Windows Phone 7 debuts with a 2 percent market share

windows phone 7 debuts with a 2 percent market share

Microsoft’s Windows Phone 7 has been on the market for a full quarter now—and that quarter happens to have been the lucrative end-of-year holiday season—and while Microsoft has been relatively tight-lipped about how many Windows Phone 7 devices have been sold to consumers, market analysis firms are willing to take a guess at how well the operating system is doing. According to NPD, Windows Phone 7 debuted with a 2 percent share of the U.S. smartphone market. That ranking ties the operating system for last place alongside Palm’s webOS. NPD also notes that Windows Phone 7 entered the market with a lower share than either Android or webOS at their debut.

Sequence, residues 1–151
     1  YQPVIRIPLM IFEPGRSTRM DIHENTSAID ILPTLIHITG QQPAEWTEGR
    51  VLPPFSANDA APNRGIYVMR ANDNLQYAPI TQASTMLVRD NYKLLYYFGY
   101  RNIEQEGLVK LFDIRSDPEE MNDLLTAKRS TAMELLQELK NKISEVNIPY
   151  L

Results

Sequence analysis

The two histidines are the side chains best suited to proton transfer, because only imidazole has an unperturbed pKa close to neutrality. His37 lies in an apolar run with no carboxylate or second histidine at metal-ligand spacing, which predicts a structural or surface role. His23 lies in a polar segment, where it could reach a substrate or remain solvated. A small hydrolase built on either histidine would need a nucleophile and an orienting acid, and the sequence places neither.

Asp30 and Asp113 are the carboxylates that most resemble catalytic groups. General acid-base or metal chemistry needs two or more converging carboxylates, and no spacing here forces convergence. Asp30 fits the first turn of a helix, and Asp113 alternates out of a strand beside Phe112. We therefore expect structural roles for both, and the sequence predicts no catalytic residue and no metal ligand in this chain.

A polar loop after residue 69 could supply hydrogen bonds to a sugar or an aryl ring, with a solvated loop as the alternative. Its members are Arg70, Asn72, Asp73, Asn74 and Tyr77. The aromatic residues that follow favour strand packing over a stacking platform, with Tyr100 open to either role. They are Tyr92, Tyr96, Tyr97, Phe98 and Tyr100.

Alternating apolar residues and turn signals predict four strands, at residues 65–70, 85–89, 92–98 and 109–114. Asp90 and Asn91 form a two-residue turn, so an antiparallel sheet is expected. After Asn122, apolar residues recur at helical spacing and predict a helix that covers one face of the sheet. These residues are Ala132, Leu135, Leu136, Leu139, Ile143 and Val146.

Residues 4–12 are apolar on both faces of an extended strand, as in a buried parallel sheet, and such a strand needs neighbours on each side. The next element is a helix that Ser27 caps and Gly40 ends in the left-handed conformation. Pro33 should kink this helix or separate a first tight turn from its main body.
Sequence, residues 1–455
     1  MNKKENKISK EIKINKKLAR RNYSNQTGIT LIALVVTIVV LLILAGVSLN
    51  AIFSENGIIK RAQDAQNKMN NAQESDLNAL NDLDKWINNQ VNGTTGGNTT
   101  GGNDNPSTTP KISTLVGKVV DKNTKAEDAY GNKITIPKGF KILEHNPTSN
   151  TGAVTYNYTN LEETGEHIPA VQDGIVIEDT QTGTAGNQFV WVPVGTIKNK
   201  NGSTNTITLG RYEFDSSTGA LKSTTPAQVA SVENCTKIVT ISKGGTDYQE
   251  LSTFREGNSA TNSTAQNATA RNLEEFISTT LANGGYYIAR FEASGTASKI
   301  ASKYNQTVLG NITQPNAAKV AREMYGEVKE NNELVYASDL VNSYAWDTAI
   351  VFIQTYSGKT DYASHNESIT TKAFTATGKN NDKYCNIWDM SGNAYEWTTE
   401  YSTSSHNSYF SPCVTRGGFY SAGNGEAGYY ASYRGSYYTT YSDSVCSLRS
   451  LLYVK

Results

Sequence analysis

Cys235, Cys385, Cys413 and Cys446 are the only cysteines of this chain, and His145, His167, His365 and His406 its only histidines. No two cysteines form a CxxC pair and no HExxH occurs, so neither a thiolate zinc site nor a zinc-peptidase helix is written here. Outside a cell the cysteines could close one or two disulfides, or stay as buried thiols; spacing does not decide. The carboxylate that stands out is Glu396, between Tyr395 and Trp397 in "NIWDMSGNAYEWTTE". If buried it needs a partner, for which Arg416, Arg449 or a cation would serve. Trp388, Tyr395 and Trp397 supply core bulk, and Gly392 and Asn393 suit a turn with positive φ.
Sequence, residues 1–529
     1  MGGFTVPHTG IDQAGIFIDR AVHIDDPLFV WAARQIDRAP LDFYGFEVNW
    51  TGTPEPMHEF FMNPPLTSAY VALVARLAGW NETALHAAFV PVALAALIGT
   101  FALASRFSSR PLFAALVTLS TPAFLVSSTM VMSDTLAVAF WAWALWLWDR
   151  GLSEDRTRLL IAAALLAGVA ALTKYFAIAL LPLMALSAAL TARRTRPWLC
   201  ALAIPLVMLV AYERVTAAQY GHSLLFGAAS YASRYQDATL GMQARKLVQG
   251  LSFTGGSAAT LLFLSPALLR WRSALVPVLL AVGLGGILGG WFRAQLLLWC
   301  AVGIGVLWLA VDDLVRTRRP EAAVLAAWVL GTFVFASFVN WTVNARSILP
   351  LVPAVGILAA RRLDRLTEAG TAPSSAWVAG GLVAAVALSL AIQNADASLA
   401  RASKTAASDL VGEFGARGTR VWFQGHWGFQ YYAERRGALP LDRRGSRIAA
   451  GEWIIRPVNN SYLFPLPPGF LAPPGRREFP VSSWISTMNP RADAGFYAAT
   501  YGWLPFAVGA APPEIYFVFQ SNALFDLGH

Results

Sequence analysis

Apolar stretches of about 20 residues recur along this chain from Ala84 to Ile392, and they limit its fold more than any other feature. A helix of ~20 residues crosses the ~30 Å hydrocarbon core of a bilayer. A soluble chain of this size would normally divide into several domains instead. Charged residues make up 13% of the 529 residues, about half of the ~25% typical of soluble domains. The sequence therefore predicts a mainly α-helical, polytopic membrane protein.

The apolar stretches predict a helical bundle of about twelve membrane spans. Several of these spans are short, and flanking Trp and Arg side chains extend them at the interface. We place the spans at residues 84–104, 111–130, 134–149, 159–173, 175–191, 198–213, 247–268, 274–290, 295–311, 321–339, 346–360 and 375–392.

“Microsoft has made the case for Windows Phone 7’s differentiation and improved integration,” said NPD’s executive director for industry analysis Ross Rubin, in a statement. “Now, the company must close the feature gap, offer more exclusive capabilities, work with partners to deliver hardware with better differentiation, and leverage its extensive experience in driving developer communities to increase its app offerings.”

NPD also found that share for Microsoft’s legacy mobile operating system, Windows Mobile 6, declined three percent during the quarter. However, Windows Mobile 6 still accounts for a four percent share of the U.S. smartphone market, twice Windows Phone 7’s debut share.

Overall, NPD found that Android accounted for more than half (53 percent) of all consumer smartphones sold during the quarter. Apple’s iOS dropped four percentage points to 19 percent, and RIM’s BlackBerry platform dropped two percent to tie Apple at 19 percent.

The top five handset models for the quarter were the Apple iPhone 4, the Motorola Droid X, the HTC Evo 4G, the Apple iPhone 3GS, and the Motorola Droid 2. The quarter marked the first quarter in NPD’s analysis of the mobile phone market that smartphones accounted for all five of the top-selling devices in the quarter: no feature phones made the cut.